1. Put all ingredients (except butter) including the 150g sourdough starter (levain) into a bowl of stand mixer. Using the paddle attachment, mix for 2 minutes or until all incorporated.  Change to hook attachment and knead for another 3 minutes or until the dough comes together. Add in butter and continue knead for 10 - 12 minutes or until reach window pane stage.  During the whole kneading process, I stopped few times to scrape down the dough from the hook to be sure it is evenly kneaded and also to prevent the motor from overheating.
    2. Let the dough rest for 15 minutes -  60 minutes in the same bowl, covered with cling film or the lid.  (I rest this dough for 15 minutes).
    3. Punch down the bread dough to release the air.  Transfer to a floured table top.
    4. Divide dough into 8 equal portions and shape into balls. 
    5. Place bun onto the baking pans lined with non-stick baking paper.  Make sure they are about 1 ½ to 2 inches apart. 
    6. Let it proof overnight at room temperature (25C - 27C) until doubled in size.  I placed in an air-conditioned room.
    7. These buns took approximately 8 hours. 
  3. Baking (Around 9.00 am)
    1. Preheat oven at 190C (top & bottom heat) or 170C (fan-forced) for 10 - 15 minutes.
    2. Brush with egg wash and sprinkle some white sesame seeds.
    3. Bake in a preheated oven for 15 - 20 minutes, or until golden brown.
    4. Remove bread from oven and let them cool on rack.

OPTION 2 - BAKE IN LATE AFTERNOON OR EVENING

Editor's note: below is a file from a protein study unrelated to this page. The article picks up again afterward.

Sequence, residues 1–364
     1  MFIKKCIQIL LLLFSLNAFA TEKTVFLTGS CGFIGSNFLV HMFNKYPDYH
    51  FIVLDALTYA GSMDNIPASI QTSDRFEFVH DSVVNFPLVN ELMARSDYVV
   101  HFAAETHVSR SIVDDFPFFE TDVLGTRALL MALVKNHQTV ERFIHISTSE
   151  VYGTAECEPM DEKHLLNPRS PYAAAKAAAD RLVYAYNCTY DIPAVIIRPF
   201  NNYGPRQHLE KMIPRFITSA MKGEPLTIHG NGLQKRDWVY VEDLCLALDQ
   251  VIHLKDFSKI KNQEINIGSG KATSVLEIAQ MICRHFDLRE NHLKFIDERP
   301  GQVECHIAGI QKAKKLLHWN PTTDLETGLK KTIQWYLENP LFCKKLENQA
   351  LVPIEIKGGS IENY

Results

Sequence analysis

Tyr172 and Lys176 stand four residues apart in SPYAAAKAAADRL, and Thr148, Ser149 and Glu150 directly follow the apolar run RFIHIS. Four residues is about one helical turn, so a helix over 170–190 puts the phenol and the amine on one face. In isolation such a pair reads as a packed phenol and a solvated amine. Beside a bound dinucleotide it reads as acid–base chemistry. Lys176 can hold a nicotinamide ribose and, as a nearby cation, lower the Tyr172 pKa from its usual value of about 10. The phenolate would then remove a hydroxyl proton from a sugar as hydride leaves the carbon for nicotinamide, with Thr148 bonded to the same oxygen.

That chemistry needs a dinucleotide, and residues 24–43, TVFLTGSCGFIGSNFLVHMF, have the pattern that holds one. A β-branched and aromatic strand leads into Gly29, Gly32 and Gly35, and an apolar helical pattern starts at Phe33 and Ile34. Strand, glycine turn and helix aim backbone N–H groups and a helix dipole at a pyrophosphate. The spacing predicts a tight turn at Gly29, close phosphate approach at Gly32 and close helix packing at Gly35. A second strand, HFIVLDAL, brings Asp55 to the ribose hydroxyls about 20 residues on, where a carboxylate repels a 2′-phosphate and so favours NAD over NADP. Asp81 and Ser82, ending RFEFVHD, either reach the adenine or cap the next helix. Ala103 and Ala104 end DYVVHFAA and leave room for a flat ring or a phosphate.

1. Levain (the night before)
    1. Mix all ingredients in a jar and cover. Ration 1:3:3 = 22g starter + 66g flour + 66g water.  You will get slightly more than 150g.  But, you will need only 150g.
    2. Let it ferment in aircond room temperature (approximately 25-27C) overnight until tripled.  It took about 10 - 12 hours. 
  2. Main Dough (The next morning)
    1. Put all ingredients (except butter) including the 150g sourdough starter (levain) into a bowl of stand mixer. Using the paddle attachment, mix for 2 minutes or until all incorporated.  Change to hook attachment and knead for another 3 minutes or until the dough comes together. Add in butter and continue knead for 10 - 12 minutes or until reach window pane stage.  During the whole kneading process, I stopped few times to scrape down the dough from the hook to be sure it is evenly kneaded and also to prevent the motor from overheating.
    2. Let the dough rest for 15 minutes -  60 minutes in the same bowl, covered with cling film or the lid.  (I rest this dough for 15 minutes).
    3. Punch down the bread dough to release the air.  Transfer to a floured table top.
    4. Divide dough into 8 equal portions and shape into balls. 
    5. Place bun onto the baking pans lined with non-stick baking paper.  Make sure they are about 1 ½ to 2 inches apart. 
    6. Let it proof in room temperature (29C - 30C) until doubled in size.   It will take approximately 3 - 5 hours or longer.
  3. Baking 
    1. Preheat oven at 190C (top & bottom heat) or 170C (fan-forced) for 10 - 15 minutes.
    2. Brush with egg wash and sprinkle some white sesame seeds.
    3. Bake in a preheated oven for 15 - 20 minutes, or until golden brown.
    4. Remove bread from oven and let them cool on rack.